“Cage-Free” is so much more than a label

Posted: 23 March 2023 | | No comments yet

Vicky Bond discusses why she thinks the “quest for cheap meat and eggs has gone much too far” and why it is important to hold companies accountable to their cage-free promises.


This October, the US’ highest court spent more than two hours in a heated debate about a law addressing extreme animal confinement.

National Pork Producers Council v. Ross, the case in which the pork industry challenged California’s Proposition 12 before the Supreme Court, felt like the ceremonious expression of an internal reckoning we’re all just beginning to face. In our hearts, we all know it to be true: our quest for cheap meat and eggs has gone much too far. 

A clear majority of consumers care about animal welfare, and there’s no better proof than the flourishing demand for cage-free eggs. The US egg-laying flock was 33.9 percent cage-free in December of 2021, up from a mere five percent in 2015. With hundreds of companies making cage-free commitments, this percentage is on track to increase. It’s largely thanks to changing consumer habits—and respective pressure from restaurant chains and businesses—that cage-free eggs are fast becoming the norm, not the exception.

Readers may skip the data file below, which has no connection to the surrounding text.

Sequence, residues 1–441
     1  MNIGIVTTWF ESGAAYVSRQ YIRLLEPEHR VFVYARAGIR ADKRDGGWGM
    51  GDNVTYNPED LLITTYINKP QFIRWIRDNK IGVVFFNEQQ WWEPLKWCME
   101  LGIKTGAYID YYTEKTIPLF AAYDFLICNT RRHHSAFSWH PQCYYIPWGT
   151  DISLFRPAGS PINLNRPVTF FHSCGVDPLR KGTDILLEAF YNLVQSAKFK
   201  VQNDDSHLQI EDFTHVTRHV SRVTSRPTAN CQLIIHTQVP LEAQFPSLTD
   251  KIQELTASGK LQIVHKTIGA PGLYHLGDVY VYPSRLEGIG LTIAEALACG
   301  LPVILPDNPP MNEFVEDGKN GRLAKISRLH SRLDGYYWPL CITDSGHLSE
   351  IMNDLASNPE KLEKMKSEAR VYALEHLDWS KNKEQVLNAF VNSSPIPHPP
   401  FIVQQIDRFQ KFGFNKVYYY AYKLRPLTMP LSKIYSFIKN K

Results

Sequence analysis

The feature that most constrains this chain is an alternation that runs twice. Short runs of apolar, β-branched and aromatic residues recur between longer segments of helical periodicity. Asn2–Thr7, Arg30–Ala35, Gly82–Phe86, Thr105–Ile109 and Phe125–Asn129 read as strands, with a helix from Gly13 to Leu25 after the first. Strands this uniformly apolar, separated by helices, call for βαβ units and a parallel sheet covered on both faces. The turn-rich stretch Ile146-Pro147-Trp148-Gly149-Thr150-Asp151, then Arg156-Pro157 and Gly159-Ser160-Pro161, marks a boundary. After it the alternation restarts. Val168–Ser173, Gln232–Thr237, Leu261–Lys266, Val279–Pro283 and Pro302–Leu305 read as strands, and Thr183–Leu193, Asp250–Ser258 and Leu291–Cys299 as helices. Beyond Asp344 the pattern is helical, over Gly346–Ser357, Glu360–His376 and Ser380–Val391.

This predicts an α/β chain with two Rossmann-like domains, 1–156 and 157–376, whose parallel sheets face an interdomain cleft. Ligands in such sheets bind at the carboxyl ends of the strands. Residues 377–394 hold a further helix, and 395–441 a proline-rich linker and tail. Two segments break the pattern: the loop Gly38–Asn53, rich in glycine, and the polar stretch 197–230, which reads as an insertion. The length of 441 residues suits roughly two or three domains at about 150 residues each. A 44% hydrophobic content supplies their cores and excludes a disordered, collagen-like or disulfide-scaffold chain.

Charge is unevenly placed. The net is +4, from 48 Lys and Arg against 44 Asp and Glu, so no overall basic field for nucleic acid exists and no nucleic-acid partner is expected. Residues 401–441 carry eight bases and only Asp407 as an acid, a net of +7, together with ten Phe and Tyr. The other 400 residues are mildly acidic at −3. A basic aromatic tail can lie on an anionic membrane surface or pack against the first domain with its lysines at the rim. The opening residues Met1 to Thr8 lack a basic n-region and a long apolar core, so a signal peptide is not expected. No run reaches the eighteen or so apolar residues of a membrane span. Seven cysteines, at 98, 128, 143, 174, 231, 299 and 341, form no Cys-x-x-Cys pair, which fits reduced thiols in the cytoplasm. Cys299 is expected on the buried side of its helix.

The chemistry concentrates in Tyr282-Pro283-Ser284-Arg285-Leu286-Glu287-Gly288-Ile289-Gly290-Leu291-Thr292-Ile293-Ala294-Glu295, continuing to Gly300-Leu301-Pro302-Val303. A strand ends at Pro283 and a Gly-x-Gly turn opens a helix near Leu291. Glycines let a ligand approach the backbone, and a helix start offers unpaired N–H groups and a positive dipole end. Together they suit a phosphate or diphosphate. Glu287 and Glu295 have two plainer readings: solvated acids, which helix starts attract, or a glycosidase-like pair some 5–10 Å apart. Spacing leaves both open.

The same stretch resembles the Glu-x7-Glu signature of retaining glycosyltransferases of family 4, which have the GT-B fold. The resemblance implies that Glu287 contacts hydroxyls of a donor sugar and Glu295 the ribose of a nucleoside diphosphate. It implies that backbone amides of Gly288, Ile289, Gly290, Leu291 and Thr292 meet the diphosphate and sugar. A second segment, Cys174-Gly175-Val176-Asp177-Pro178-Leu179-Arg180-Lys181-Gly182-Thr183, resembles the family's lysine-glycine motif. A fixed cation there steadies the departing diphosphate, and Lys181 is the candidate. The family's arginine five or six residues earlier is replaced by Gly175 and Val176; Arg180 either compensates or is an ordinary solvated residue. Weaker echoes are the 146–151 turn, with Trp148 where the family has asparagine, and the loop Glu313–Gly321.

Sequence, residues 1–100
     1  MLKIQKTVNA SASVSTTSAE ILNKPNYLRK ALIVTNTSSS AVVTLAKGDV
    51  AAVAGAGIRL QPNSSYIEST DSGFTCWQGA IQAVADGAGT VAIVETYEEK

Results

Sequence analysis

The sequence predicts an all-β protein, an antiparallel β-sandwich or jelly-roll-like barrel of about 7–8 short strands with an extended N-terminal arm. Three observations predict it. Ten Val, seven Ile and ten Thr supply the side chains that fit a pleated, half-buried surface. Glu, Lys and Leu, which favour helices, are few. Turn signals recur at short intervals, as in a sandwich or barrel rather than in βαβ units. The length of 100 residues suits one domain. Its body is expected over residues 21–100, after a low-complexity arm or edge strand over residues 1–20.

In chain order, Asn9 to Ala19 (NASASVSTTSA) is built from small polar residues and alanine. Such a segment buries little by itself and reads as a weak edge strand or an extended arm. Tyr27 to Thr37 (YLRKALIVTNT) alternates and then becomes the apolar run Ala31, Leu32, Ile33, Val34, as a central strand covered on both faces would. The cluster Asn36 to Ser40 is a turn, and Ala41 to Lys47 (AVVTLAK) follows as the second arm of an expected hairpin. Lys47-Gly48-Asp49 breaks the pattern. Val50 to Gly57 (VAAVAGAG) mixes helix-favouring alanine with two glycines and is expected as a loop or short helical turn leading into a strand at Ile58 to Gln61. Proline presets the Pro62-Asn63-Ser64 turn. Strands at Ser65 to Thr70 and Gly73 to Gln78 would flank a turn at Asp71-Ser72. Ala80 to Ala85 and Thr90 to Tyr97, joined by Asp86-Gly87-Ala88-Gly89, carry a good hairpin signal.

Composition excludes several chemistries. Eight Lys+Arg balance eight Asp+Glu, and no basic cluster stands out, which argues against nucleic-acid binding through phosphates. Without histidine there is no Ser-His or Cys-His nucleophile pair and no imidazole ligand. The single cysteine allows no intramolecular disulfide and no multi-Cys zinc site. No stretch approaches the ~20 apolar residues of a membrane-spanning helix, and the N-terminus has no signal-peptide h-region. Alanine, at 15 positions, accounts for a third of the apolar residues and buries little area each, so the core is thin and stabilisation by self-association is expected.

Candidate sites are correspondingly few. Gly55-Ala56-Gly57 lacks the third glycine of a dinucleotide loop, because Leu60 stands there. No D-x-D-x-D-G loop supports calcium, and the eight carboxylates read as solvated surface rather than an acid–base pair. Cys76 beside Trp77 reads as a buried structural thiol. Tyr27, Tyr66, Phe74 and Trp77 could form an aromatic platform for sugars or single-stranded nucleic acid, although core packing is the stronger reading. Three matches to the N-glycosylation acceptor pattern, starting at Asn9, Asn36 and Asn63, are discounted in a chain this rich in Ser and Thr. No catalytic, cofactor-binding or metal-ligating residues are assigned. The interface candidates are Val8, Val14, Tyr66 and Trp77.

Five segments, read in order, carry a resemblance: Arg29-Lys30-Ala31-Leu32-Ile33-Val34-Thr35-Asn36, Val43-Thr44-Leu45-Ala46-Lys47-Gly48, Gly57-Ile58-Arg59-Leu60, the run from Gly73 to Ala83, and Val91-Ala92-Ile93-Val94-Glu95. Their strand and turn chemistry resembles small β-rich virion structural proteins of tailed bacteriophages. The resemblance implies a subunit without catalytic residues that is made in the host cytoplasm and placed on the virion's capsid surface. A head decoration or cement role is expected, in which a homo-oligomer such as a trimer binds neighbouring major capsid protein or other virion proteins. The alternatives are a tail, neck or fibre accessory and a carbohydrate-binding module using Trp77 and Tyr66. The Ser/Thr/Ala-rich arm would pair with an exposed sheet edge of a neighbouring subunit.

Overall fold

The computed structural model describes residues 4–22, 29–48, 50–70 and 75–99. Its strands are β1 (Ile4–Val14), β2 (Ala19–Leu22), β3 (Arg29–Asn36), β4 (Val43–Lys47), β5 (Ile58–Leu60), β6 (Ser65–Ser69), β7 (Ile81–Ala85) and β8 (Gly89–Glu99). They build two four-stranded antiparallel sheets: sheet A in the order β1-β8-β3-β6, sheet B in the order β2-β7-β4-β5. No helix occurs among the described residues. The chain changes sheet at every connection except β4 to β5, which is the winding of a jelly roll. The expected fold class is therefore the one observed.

But while animal welfare commitments are critical, it’s just as important that we hold companies accountable to their promises. Although much of the work has been done to push the US food sector to commit to cage-free sourcing, work remains to ensure those companies publicly report on their progress and fulfill their commitments. Actions indeed speak louder than words—especially for the animals who will never hear them. 

What does “cage-free” really mean?

In what might come as a surprise to many, eggs are one of the worst animal products from a welfare perspective—right up there with oft-condemned veal, lamb, and foie gras. It’s important to understand that “cage-free” is about way more than just being in a cage. It’s about not being in a battery cage, an archaic form of extreme confinement that’s been used for decades by the vast majority of the egg industry. And that makes a tremendous difference. 

Packed into spaces the size of filing cabinets, hens confined to battery cages can’t even extend their wings. Unnoticed by overworked employees, hens jostle each other seeking momentary relief from broken bones, excruciating deformities, and infections. Selectively bred for “productivity,” many overtaxed hens suffer from cage layer fatigue, a condition in which calcium leaches out of a hen’s bones from the constant demands of producing eggshells. As her skeletal system weakens, she can become paralysed and die a slow death from thirst or starvation. Cage layer fatigue is found almost exclusively in hens confined to battery cages due to their inability to walk around. 

Dunkin’ Donuts and Arby’s commits to sourcing only cage-free eggs